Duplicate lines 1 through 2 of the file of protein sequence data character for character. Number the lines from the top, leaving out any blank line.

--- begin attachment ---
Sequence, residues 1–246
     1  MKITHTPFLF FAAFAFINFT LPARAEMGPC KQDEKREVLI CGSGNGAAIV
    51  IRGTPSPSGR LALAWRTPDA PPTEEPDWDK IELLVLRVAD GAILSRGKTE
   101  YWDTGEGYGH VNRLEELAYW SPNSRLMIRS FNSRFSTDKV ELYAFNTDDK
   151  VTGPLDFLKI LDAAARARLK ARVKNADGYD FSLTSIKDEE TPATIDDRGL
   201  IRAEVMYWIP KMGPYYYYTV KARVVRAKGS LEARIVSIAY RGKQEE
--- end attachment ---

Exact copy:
Sequence, residues 1–246
     1  MKITHTPFLF FAAFAFINFT LPARAEMGPC KQDEKREVLI CGSGNGAAIV